Can the markets predict recessions? What we found out

It turns out investors probably should heed those national park signs warning hikers to “Beware of Bears.”

In a 1966 Newsweek article, the eminent economist Paul Samuelson famously quipped that the stock market had predicted nine of the past five recessions. It’s a remark that is often repeated to deride the powers of the stock market to predict the economy.

CNBC went back to see if Samuelson was right and, if so, does he remain right? As the gauge of the market, we looked at all the bear markets of the postwar era, using data compiled by the financial research firm Bespoke, where stocks fell 20 percent, stayed down for longer than a month and where there was no 20 percent rally.

Traders work on the floor of the New York Stock Exchange.

Brendan McDermid | Reuters
Traders work on the floor of the New York Stock Exchange.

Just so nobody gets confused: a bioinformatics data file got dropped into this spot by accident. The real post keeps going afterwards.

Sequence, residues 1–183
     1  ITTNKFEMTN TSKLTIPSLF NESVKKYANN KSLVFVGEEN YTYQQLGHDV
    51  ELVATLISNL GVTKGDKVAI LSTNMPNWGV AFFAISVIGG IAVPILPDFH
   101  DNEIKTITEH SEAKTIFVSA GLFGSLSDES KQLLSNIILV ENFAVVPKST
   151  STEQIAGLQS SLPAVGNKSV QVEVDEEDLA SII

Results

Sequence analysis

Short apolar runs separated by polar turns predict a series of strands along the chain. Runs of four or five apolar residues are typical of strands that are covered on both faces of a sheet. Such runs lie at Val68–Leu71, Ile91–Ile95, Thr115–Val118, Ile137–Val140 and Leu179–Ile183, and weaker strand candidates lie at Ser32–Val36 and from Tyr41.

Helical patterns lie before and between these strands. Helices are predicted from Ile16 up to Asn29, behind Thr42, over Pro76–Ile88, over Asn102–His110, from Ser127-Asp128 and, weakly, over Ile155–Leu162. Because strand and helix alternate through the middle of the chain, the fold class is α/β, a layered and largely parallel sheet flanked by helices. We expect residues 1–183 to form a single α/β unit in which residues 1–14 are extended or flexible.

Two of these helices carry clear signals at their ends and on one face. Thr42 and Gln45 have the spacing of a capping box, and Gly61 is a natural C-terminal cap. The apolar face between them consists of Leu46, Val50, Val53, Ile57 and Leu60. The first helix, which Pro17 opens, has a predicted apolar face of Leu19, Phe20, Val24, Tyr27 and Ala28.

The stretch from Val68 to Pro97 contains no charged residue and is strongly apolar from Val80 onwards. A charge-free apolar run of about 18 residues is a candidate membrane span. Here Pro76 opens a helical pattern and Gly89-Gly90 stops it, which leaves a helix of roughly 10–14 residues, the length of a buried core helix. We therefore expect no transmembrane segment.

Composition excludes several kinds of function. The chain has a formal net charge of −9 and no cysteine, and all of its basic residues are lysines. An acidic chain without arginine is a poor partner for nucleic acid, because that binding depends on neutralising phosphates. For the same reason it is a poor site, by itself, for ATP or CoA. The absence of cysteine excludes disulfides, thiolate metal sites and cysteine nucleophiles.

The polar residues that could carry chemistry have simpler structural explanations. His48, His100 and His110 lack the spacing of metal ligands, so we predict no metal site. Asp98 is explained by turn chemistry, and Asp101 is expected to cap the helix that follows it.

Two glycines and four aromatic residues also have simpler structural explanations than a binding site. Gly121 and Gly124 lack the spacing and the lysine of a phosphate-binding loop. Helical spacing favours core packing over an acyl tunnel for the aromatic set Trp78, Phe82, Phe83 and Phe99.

Before getting to the current results, the first thing we found is that Samuelson was technically wrong, but right in spirit. Using data from his day, he actually understated how lousy the market was at predicting recessions, at least by the standards we employed. When Samuelson wrote in 1966, the market was nearing the end of an eight-month-long bear market, one that would not lead to a recession. In fact, the previous nine bear markets starting in 1966 led to just three recessions.

The current results show Samuelson’s quip was spot on. There have been 13 bear markets in the postwar era. These 13 bear markets have led to recessions seven times within about 12 months. So instead of Samuelson’s 9 of 5 (think about it like shooting 55 percent), it’s really 13 of 7 (53 percent). Pretty impressive for a quip.

(Down about 10 percent from the highs, the market remains a long way from our bear market recession indicator, though economists have been raising the probability of one.)

On average, bear markets give investors about eight months of warning that a recession is on the way. That is, the average recession after a bear market doesn’t begin until 253 days later. But there’s a wide range: The 2007 recession began just 53 days after the 2007 bear market began. But it took 367 days before the November 1968 bear market yielded to the 1969 recession. (We counted that as a success for bear market predictions because it was only two days outside of the one-year limit).
[“source -pcworld”]